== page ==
Ah, so you're the jerk who does my office's IT purchases. Thanks for sticking us with the largest, heaviest, most unwieldy and least portable laptop known to man. That part was bad enough - but the sharpened corners is just mean. :P
    • by Anonymous Coward on Friday June 16, 2017 @06:17PM (#54636359)

      To me it is a huge thing. For example, clean water was accidentally spilled on a lenovo laptop. It was a small amount but enough to ruin the keyboard. Few days and $13 later new keyboard was installed and working perfectly well. Instead of throwing away perfectly good laptop, it is still working and will be working for at least few more years. And it was relatively cheap - under $1000. I would take user repair-ability over portability any time. I don't need to show people my superiority by sitting at Starbucks with a mac book or surface. I actually need to get the job done and need to concentrate while doing it.

    • Sure. I repair laptops every so often. I just repaired my daughters, which is about a year old.

    • It also scores a 0 out of 10 for Technician repairability. That means you CANNOT repair it, only throw it away. If you live on Earth, that should matter to you.
      • It also scores a 0 out of 10 for Technician repairability. That means you CANNOT repair it, only throw it away. If you live on Earth, that should matter to you.

        Many things that "cannot be opened" can be opened when you have the right tools. For example, Apple offers an "out of warranty" repair for phones and tablets where you pay have the price of a new device, get your device exchanged, and your old device will go straight back to the manufacturer where it can be refurbished or recycled for parts.

    • The boy has a cheapy tablet (Hipstreet Pilot) on which I am about to perform a second screen replacement, as he's a bit careless. The first screen replacement cost me £15 (under $20) and took about 30 minutes because I was being careful and methodical as I had no instructions.
    • is that a "thing"?

      It is with the right expertise. It's not necessarily expensive either. Users just don't see a #0 Philips screw and assume that a device can't be repaired. Have a look at some videos of people replacing cracked screens for $5 by carefully removing OLED films from them and then gluing the resulting mess back together.

  • Bad headline (Score:5, Insightful)

    by 93 Escort Wagon ( 326346 ) on Friday June 16, 2017 @05:41PM (#54636159)

    I suspect most people reading a headline stating "you can't open laptop X without destroying it" will not interpret that as meaning "open the case for repair or upgrade".

    I open my laptop all the time... it's the only way to type on the keyboard and view the screen.

  • At least... (Score:3, Interesting)

    by hcs_$reboot ( 1536101 ) on Friday June 16, 2017 @05:50PM (#54636219)
    must be waterproof!
  • by ilsaloving ( 1534307 ) on Friday June 16, 2017 @05:56PM (#54636249)

    Okay Microsoft, we get the point. You really wanna be like Apple. You can stop copying Apple now, thx.

    Having one major computer vendor with a user-hostile hardware division is more than enough. We should be DIScouraging this behaviour, not encouraging it!

    Incidentally, has there been any progress on those 'right to repair' lawsuits I've read about?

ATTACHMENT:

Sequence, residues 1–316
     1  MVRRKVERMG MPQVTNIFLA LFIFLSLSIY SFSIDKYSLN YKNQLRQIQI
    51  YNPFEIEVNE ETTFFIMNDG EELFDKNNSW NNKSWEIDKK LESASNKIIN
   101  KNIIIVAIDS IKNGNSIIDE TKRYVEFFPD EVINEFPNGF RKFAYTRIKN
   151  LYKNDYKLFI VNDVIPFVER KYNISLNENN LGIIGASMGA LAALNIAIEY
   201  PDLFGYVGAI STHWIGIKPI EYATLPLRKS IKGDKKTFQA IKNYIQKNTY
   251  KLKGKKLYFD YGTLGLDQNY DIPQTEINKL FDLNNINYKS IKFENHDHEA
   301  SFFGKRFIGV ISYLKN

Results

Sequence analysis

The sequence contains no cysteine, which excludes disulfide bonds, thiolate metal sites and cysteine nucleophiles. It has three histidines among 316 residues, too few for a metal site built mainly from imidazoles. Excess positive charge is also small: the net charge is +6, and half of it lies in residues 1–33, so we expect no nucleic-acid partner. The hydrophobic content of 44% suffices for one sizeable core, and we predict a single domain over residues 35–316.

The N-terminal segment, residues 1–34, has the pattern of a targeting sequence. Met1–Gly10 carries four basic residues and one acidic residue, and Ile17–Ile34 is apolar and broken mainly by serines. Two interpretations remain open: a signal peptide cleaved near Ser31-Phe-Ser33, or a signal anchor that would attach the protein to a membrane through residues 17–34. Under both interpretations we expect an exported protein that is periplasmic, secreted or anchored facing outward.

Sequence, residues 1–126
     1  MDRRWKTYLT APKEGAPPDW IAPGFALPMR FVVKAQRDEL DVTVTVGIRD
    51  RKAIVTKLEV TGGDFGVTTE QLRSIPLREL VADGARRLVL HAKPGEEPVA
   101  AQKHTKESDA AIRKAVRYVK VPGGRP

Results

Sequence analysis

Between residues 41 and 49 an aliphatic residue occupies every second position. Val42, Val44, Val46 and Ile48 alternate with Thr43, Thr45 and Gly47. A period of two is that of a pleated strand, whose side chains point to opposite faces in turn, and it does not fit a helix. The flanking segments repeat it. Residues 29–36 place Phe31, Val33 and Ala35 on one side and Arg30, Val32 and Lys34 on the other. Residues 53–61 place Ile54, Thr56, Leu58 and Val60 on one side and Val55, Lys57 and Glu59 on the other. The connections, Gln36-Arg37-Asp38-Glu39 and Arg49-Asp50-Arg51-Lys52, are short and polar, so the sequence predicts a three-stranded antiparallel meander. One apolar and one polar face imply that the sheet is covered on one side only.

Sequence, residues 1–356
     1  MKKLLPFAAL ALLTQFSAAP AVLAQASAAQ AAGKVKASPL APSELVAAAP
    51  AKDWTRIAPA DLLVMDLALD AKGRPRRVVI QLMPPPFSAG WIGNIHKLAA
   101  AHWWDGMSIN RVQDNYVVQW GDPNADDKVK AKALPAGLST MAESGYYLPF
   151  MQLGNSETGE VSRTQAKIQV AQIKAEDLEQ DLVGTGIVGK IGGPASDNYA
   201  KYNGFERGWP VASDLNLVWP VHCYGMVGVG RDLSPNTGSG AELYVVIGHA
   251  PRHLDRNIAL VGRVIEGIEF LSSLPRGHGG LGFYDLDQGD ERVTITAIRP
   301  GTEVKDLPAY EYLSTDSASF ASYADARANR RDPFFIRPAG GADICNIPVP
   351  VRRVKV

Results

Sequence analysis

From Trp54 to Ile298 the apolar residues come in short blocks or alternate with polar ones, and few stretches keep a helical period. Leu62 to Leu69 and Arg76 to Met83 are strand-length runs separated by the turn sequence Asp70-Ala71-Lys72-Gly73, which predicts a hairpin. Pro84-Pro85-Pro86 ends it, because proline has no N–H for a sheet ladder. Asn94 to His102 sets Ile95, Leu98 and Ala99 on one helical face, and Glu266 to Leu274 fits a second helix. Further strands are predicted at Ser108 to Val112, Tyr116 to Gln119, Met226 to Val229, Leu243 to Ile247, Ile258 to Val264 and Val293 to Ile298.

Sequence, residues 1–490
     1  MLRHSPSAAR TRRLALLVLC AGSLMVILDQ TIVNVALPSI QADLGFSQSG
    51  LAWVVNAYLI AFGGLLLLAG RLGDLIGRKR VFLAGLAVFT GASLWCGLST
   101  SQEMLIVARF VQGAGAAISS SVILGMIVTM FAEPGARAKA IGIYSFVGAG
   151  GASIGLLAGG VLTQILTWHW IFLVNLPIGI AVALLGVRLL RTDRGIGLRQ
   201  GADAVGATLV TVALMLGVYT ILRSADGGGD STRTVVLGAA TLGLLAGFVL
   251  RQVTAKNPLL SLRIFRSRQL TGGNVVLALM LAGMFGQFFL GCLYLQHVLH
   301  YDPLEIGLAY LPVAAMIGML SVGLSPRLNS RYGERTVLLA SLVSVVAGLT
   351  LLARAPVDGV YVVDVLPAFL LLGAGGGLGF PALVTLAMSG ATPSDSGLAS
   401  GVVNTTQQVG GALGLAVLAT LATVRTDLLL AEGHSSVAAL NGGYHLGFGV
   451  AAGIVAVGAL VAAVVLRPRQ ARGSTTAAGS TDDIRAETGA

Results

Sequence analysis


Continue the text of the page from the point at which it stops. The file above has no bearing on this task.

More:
• by WolfgangVL ( 3494585 ) on Friday June 16, 2017 @05:56PM (#54636251)

    Bestbuy offers the i7, 16g, 512GB SSD for $2199.

    Assuming the battery will last 2 years, that's 91.62/mo. with no extras or failures.

    That's 200 soft tacos, or 5 cases of cheap beer. Every month, for 2 years.

    I've owned a few surfaces so far. Handy tablets for taking a shit, but the AC adapters are all so horribly designed that they fail within a month or 2. A few warranted replacements before that expired. I eventually went with the cheapo Chinese off brand and its solid and 10% the price.

    Within 6 months the magnetic keyboard attachment point for the expensive keyboard stopped working 9 out of 10 times it was attached, and it began missing keys. I never use it anyway, so never got it fixed.

    Pro 2 had the exact same problems as the 1, AND the internal SSD went shithouse RIGHT after the warranty expired.

    I'll never buy another Surface. They require repairs that simply cannot be done.

    But like a I said, great for taking a shit.

    • I feel kinda bad. I have an SP3, that is still in the box. I bought it to install lubuntu. I didn't.

    • ... the internal SSD went shithouse RIGHT after the warranty expired.

      I had a graphics chip fail on a Lenovo ThinkPad once. (Motherboard replacement required). To my surprise, they let me retroactively extend the warranty. (Of course I didn't mention the hardware failure until after renewing the warranty). Later had a Dell laptop repaired after retroactive warranty extension. Sometimes it pays to ask.

  • Every device in the Surface line has scored a 1 or below on iFixit.

    Then there's the guy who upgraded the SSD in his Surface Pro 3 by cutting the side of the case out.
    http://surfacepro3ssdupgrade.b... [blogspot.nl]

  • Why did you go through a 3rd party article? Shared ad revenue? Why not directly linking to ifixit in the first place????
  • Not cool (Score:5, Insightful)

    by markdavis ( 642305 ) on Friday June 16, 2017 @06:24PM (#54636389)

    Consumers need to know this and punish device makers like this by not buying it and telling them WHY. If you use it a lot, the battery will be shot in just a few years, rendering a very expensive device to the landfill. It is one thing to not have a "user replaceable battery", and another thing to make it difficult, but quite another universe to make it impossible to replace the battery.

    First manufacturers lock things down to prevent people from installing their own OS or trying to "unlock" it so that at least they can root it so they can get full control over what they bought. And now this?

    • Re:Not cool (Score:5, Interesting)

      by duke_cheetah2003 ( 862933 ) on Friday June 16, 2017 @06:44PM (#54636501) Homepage

      If you use it a lot, the battery will be shot in just a few years, rendering a very expensive device to the landfill.